// *****************************************************
// Write a string to the UART1 Transmitter buffer
void puts1(char *s)
{
	while (*s)
  		{
		putchar1(*s++);
		}
}


// *****************************************************
// *****************************************************
// UART1 Transmitter interrupt service routine
interrupt [USART1_TXC] void 	uart1_tx_isr			(void)
{

if (tx_ctr1)
   {
   RS485_TE1();	// ensure that the MAX485 is transmit-enabled
   --tx_ctr1;

   UDR1=tx_buffer1[tx_rd_index1];
   if (++tx_rd_index1 >= TX_BUFFER_SIZE1) tx_rd_index1=0;
   }
else
	{
	RS485_RE1();	// switch the MAX485 to receive mode
	}

}

// *****************************************************
// *****************************************************
// UART1 Receiver interrupt service routine
interrupt [USART1_RXC] void 	uart1_rx_isr			(void)
{
char status,data;
status=UCSR1A;
data=UDR1;

if ((status & (FRAMING_ERROR1 | DATA_OVERRUN1))==0)
   {
   rx_buffer1[rx_wr_index1]=data;
   if (data==RX_TERM1) rx_msg1++;
   if (++rx_wr_index1 >= RX_BUFFER_SIZE1) rx_wr_index1=0;
   if (++rx_ctr1 >= RX_BUFFER_SIZE1)
      {
      rx_ctr1=RX_BUFFER_SIZE1;
      rx_ovf1=1;
      }
   }
}


You can put lipstick on a pig, but it is still a pig.

I've never met a pig I didn't like, as long as you have some salt and pepper.

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Clock Frequency - 8 MHz, 9600 bps.
Everything work proper in conjunction USART-USART with simple

void USART0_transmit(unsigned char data)
{
   while(!(UCSR0A & (1<<UDRE0)));
   UDR0=data;
}
unsigned char USART0_receive(void)
{
   while (!(UCSR0A & (1<<RXC0)));
   return UDR0;
}

ISR(USART0_RX_vect)
{
   serial_addtorxfifo0();
}

My transmitter are not the interrupt driven, I have a lot of time. Thanks for the code above.

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I still can not understand.
I went through all the possible options for checking the input and output buffers (TXC0, UDRE0, RXC0).
The thing is right after I switching RS485 tranceiver to the receive mode, my ISR(USART0_RX_vect) gone crazy and gives me a bunch of garbage even when there is no active transmitters on other side. I removed all unnecessary code and even tried to use the pullup resistor to V+ for RX - the same.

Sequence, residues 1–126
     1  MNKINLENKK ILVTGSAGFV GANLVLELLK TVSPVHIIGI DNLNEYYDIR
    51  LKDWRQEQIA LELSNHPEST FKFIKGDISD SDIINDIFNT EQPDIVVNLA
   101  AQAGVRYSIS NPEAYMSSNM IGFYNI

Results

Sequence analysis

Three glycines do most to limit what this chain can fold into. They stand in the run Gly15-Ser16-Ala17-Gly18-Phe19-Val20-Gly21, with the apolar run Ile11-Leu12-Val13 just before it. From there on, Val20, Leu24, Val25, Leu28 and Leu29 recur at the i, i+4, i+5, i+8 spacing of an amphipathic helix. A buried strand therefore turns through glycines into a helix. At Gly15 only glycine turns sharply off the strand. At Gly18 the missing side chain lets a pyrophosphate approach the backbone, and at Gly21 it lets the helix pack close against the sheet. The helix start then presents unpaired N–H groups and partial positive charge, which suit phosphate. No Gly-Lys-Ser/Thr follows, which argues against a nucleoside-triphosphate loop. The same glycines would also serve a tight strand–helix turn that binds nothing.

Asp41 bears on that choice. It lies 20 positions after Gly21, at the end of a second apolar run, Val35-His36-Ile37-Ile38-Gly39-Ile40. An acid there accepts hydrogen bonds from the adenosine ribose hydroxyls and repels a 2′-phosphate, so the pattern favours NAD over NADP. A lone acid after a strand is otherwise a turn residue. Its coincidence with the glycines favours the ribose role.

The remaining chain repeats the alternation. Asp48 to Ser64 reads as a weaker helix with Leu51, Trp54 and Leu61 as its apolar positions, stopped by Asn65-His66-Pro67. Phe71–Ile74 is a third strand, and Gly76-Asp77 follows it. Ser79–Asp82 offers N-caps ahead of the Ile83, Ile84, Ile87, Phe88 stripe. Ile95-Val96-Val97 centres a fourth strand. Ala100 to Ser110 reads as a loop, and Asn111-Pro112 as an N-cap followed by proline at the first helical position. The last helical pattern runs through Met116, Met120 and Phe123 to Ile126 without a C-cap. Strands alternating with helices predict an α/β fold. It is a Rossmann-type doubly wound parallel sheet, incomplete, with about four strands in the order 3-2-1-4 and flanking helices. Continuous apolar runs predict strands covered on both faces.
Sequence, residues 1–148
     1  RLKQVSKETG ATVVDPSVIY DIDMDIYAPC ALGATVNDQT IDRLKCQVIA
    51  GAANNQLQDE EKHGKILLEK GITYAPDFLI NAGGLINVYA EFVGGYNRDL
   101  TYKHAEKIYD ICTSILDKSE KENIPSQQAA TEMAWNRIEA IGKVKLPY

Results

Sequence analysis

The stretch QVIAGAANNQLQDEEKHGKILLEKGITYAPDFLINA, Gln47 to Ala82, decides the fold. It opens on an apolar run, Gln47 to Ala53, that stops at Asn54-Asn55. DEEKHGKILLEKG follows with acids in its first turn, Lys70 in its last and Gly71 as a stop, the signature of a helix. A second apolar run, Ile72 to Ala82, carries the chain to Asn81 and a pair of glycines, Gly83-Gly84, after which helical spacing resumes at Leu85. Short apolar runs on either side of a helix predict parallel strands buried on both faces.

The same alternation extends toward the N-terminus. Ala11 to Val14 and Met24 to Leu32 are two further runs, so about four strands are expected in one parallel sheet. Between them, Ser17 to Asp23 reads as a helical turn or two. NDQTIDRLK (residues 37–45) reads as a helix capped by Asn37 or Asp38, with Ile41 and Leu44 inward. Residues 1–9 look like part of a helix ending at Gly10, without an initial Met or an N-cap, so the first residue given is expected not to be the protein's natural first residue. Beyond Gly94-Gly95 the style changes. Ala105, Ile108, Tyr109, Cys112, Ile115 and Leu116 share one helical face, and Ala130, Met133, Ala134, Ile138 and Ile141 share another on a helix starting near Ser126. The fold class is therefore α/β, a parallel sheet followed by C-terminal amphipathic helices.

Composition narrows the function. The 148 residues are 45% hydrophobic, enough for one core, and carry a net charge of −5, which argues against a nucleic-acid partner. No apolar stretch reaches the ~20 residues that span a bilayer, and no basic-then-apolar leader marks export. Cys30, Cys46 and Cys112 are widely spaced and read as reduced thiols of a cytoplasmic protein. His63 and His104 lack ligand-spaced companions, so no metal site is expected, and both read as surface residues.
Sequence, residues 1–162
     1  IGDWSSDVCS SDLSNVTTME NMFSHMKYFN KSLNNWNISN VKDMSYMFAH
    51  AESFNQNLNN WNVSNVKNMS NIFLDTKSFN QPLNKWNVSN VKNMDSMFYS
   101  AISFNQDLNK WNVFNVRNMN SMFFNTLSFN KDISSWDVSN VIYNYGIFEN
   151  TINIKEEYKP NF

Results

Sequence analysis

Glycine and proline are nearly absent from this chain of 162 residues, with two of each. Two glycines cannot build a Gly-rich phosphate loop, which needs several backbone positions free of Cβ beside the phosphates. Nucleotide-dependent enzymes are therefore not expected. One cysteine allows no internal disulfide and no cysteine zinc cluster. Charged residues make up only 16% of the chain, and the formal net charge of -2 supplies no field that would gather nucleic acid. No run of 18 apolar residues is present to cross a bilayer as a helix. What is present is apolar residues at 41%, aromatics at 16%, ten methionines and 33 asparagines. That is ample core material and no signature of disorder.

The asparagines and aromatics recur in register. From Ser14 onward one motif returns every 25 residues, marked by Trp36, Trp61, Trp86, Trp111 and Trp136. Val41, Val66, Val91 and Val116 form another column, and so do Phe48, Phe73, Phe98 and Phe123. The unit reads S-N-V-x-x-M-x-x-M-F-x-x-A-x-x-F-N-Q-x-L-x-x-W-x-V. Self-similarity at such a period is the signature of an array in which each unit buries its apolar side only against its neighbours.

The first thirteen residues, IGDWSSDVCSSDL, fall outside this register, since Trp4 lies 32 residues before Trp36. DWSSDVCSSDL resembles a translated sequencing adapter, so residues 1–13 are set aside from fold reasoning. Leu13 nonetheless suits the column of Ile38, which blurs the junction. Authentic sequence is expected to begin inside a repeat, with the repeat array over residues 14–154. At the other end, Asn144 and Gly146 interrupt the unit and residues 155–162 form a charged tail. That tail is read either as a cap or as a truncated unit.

Atmega324pa + ADM4850.
Proteus with MAX487 repeats the same mistake?

Last Edited: Tue. Feb 14, 2012 - 10:23 PM
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You need a resistor to Vcc on one side of the terminating resistor and a resistor to ground on the other side. You have a terminator (vicinity of 120 ohms)?

You only need one pull up and one pull down resistor, somewhere in the system. It is usually at the terminating resistor, but it does not have to be.

Jim

Jim Wagner Oregon Research Electronics, Consulting Div. Tangent, OR, USA http://www.orelectronics.net

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I'm using true fail-safe receivers with 120 Ohm term.
I mean that when switching on the transmission, output RO of the RS485 transceiver is in a high impedance state, so you may want to use a pullup on RX controller pin. But steel, it dose note explane all time frame errors when RX active after first switching - when tere is no one to transmit.
Somehow RXC0 is allways set, I think.

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Take out the termination and see what happens. Or add the bias resistors. I usually have leds on the rxd and txd for diagnostics. If there is a problem you can usually see it on the leds.

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When there is no enabled transmitter on the line, the only thing that sets the voltage is leakage current and noise from the local environment. The receiver can indicate anything at any time.

In addition to the terminating resistor, you need TWO resistors, one to make one side of the line low and one to make the other side of the line high.

Here is how you figure out which resistor to connect to which line:

1) What is the "idle" state of a UART Tx output? If you check the UART section of any AVR spec sheet, you will find a part that discusses "frame format". Take a look at the drawing and you will see that the output is logic high when idle.

2) Which output of the transceiver does what? If you look at the spec sheet for your transceiver, you will find that it has two pins labeled "A" and "B". If you look at the logic table for the transmitter, you will find that, when the transmitter is enabled, A has the same logic state as the input and B has the complementary state.